Discussion relating to the past and present operations of the NYC Subway, PATH, and Staten Island Railway (SIRT).

Moderator: GirlOnTheTrain

  by nyrmetros
As I am riding PATH more and more going to red Bulls MLS games in Harrison, I can't help but wonder why PATH has extremely sharp curves in some places, especially approaching Hoboken. What was the reason for this?
  by R36 Combine Coach
The sharpness was part of the original design in 1908. These tunnels were never intended for full size trains, but only for smaller transit-sized cars.
  by Terry Kennedy
R36 Combine Coach wrote:The sharpness was part of the original design in 1908.
Remember, the H&M (and the predecessor companies) were private operations. So they didn't have the ability that (for example) NYC did with the IRT to use eminent domain to obtain property rights. If you couldn't get permission to dig under someone's property, you went around it.
These tunnels were never intended for full size trains, but only for smaller transit-sized cars.
If you're talking about what was built or completed by the H&M, sure. The original 1874 plan was for full-size freight cars. If you watch carefully in tunnel A (Christopher St. to NJ) you'll see it getting wider in a couple steps, until it achieves its full size near the "15th Street Shaft" sign. The step-down to smaller sizes is concentric, so you don't see a jump to a much larger tunnel size (the trackbed is in the same place). It is a lot more apparent if you can catch an train running in the opposite direction (sometimes during late night work with single-track operation). If you look closely enough, you'll see that the side walls of tunnel A in NJ are brick. That's really the inside of the outside - 6 courses of brick behind a 1/4" iron plate (which has likely rusted away in the past 128 years - it was just there to hold back the silt while the brickwork was laid).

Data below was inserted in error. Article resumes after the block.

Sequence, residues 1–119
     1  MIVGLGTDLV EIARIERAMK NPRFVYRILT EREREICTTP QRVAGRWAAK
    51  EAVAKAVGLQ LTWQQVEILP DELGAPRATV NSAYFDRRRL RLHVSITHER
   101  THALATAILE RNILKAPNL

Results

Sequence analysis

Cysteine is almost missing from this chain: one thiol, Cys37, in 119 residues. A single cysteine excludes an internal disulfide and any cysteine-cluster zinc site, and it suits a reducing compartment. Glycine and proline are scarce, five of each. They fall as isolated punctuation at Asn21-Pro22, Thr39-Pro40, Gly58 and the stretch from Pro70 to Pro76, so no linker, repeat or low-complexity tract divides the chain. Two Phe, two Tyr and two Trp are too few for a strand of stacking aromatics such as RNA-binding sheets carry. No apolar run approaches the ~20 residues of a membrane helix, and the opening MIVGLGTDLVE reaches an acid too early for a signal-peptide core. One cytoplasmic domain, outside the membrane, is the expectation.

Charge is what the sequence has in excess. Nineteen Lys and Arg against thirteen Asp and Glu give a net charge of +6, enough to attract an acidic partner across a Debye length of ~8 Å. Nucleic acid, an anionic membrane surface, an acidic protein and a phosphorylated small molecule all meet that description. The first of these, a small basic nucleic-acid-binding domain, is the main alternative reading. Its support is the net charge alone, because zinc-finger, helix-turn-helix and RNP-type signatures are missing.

by EEinSignals
Having worked as a signal engineer apprentice for PATH in the late 70's , I can recall the narrowness of PATH's tunnels while walking the tracks there. " Cutouts " into the walls were provided to go into when trains were going by. The close quarters were a quite a thrill to say the least and yea : very windy when a rain went by...not a good thing when you're only a few inches from the speeding train. The other thing I remember is when a senior signalman and I were track walking eastward towards Journal Square : a train passed us that didn't trip its signal to put it to stop,red ! It was due to the new brakes installed that left a coating on the rails so as to not allow the signal system to detect that train ! YIKES !!!
  by mrsam
umtrr-author wrote:What I have observed in the case of approaching red signals at speed is that the trip arm connected with the signal goes down (out of "trip") position before the signal lights change from red to yellow or green. If I can see that from inside the car, then certainly the engineer can see them as well, and knows that the signal is about to change, so no need to slow down or stop. At least that's what I thought when I rode the PATH regularly, er, in the previous century.
NYC subway signals work the same way. The last paragraph on the following page explains what you saw. Read the following: